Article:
California is full of cities and towns known around the world. Places like Los Angeles, San Francisco, Santa Barbara, and Napa are frequently cited destinations. Then there are all the smaller towns that don’t immediately come to mind, but should. In this latter category, California has hundreds of hidden gems, one of them being Merced.
Located 2.5 hours southeast of San Francisco, Merced is known as the gateway to Yosemite. It feels like a small town, but is sizable enough to offer all the creature comforts travelers enjoy. With a range of accommodations and dining along with a vibrant nightlife, this is definitely a place to stop and enjoy enroute to one of the nation’s favorite national parks.
So whether you have a few hours or a couple of days, don’t just drive past Merced on I-99. Instead, I definitely recommend getting off the freeway and exploring this town. You’ll be glad you did.
This trip was hosted by El Capitan Hotel, but all opinions are my own.
1. A Revitalized Downtown
My parents live in Orange, California, a small town well known for its historic and bustling downtown filled with great restaurants, bars, antique shops, and boutiques. Many other cities in California — and the country — aspire to have such a vibrant downtown that attracts not only locals, but visitors. Merced is well on its way to having one.
Like many downtowns, the heart of Merced’s is Main Street. Lined with vintage street lights, Main Street has plenty of restaurants, shops, and theaters. There are also a fair number of vacant spaces, but these are slowly being claimed by new businesses. I look forward to a future trip to explore the new offerings.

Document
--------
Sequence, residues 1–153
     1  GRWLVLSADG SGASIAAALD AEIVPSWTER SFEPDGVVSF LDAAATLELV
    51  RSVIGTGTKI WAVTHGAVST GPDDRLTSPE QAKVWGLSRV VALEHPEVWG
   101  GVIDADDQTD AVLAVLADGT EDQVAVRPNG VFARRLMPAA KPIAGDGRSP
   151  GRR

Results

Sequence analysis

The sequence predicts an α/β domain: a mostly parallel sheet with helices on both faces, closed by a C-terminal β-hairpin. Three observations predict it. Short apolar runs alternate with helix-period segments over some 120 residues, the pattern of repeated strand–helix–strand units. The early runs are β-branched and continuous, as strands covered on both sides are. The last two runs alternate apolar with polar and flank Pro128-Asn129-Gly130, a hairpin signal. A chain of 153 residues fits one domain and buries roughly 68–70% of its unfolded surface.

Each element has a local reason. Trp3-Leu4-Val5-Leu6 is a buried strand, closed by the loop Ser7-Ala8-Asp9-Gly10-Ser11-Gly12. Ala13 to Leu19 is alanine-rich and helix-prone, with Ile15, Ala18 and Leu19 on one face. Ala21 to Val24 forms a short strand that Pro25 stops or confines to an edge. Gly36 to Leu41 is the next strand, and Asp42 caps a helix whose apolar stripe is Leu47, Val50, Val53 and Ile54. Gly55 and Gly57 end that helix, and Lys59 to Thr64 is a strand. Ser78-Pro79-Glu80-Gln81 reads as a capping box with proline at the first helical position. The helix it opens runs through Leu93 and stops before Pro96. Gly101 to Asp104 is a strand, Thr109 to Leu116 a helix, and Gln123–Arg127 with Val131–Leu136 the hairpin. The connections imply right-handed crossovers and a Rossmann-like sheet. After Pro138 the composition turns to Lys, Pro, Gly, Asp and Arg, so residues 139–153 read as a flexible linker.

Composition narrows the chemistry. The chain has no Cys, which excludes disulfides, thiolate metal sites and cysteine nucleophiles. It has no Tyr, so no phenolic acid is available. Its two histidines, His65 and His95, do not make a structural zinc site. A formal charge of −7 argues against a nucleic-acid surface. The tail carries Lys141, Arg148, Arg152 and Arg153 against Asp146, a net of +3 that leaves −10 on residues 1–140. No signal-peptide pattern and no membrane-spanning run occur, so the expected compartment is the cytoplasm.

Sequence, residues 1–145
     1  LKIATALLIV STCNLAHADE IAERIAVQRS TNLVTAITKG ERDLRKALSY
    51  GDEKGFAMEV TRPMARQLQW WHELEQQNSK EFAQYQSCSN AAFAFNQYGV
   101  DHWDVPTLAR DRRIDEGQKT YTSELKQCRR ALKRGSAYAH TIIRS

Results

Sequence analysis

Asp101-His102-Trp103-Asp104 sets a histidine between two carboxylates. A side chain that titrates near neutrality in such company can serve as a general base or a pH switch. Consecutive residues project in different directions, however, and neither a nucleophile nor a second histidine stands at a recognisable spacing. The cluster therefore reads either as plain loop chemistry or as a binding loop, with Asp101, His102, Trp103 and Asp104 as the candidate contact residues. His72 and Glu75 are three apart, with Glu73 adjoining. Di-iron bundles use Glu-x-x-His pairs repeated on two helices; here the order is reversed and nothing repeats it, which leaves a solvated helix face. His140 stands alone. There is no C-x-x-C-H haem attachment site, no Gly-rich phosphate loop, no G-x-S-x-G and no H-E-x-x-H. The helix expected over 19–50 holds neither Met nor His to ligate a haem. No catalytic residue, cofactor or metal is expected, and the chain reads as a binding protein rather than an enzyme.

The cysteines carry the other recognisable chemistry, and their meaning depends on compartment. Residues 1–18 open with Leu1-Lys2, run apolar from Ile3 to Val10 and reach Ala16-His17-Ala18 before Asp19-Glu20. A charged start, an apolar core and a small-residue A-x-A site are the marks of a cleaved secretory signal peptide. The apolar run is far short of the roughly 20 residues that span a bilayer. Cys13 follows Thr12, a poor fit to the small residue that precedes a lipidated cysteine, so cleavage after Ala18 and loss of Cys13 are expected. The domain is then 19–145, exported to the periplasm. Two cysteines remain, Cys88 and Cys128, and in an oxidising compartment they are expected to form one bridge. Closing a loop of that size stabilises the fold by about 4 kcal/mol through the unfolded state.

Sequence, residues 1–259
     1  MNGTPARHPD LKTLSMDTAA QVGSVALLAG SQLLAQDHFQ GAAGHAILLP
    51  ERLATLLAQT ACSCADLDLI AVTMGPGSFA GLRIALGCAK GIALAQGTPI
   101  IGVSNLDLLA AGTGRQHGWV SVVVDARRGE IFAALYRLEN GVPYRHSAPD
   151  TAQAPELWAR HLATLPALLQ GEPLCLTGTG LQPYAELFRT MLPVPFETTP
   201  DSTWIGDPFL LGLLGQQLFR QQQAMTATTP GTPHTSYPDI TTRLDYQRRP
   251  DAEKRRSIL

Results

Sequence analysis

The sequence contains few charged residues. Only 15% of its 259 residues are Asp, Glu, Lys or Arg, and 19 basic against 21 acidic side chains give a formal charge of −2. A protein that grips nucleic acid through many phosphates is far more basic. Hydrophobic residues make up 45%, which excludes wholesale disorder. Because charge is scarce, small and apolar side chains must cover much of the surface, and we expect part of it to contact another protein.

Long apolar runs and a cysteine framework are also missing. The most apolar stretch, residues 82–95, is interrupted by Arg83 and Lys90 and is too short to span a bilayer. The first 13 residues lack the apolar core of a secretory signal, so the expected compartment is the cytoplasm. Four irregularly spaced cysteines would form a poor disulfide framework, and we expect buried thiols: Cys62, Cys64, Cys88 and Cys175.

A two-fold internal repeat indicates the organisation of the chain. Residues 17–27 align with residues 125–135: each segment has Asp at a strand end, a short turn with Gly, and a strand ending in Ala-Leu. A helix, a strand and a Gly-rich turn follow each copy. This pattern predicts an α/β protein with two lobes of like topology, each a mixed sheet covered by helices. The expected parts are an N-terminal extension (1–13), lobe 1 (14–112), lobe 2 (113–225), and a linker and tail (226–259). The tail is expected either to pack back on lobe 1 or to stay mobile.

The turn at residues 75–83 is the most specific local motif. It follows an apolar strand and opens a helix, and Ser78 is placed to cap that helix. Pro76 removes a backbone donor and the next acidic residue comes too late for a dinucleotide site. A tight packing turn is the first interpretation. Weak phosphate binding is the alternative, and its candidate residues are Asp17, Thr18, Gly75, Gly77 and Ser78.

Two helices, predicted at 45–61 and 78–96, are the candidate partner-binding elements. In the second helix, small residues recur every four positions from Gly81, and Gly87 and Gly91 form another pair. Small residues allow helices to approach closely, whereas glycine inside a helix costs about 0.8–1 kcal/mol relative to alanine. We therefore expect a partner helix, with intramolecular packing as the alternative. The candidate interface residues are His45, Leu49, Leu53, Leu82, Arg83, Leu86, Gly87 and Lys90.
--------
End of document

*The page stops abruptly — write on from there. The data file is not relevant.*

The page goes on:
I’m always excited to find a used bookstore in my travels, so I was delighted to browse through Second Time Around and purchase a few books. And if you enjoy thrift and vintage stores like I do, don’t pass up Restored Thrift Store and Cloud 9. Merced Multicultural Arts Center regularly hosts free art exhibits and community events, so be sure to pop in.
2. A Historic Hotel
A significant contributor to the revitalized downtown is the recently opened El Capitan Hotel. Part restored historic building and part new build, this hybrid hotel has fully integrated into the community. Its Native Son coffee shop is enjoyed by both guests and Merced residents. The outdoor patio restaurant, EC, has become a popular spot for local meetings and events.
The decor of the rooms hint at the nearby mountains and forests with earthy colors, cabin-like furniture, and wall paintings of pine trees. If a cabin in the woods was combined with luxury amenities, you’d have the El Capitan Hotel. I’m always appreciative of great in-room amenities and this hotel includes pour-over coffee, robes, a clothes steamer, and high-end Beekman bath products.
Throughout the hotel are eclectic pieces of art, either reflecting the local environment or created by local artists. Be sure to ask the front desk for a map of the art including descriptions of each piece and background on the artists.
3. Farm-To-Table Dining
Merced is located in the heart of California’s Central Valley, a region responsible for producing one quarter of all the food in the United States. Virtually anything that a chef could desire is grown or produced locally, making it fertile ground for a farm-to-table fine dining restaurant. Fortunately, that new restaurant opened earlier this year and is called Rainbird.
Helmed by Chef Quentin Garcia, Rainbird offers a five-course tasting menu for dinner. This leisurely meal allows guests to fully appreciate the creative entrees, all thoughtfully garnished and served on unique and artistic dishes.
I was treated to a dinner that began with an amuse bouche, continued with a selection of starters, entrees, and deserts. If you’re counting, that’s only four courses. The fifth course is bread. And while that may sound boring, it certainly was not. A grilled, housemade sourdough bread is presented to the table along with three toppings: honeycomb, sunflower butter, and ricotta cheese. The bread, along with the entire meal, was excellent.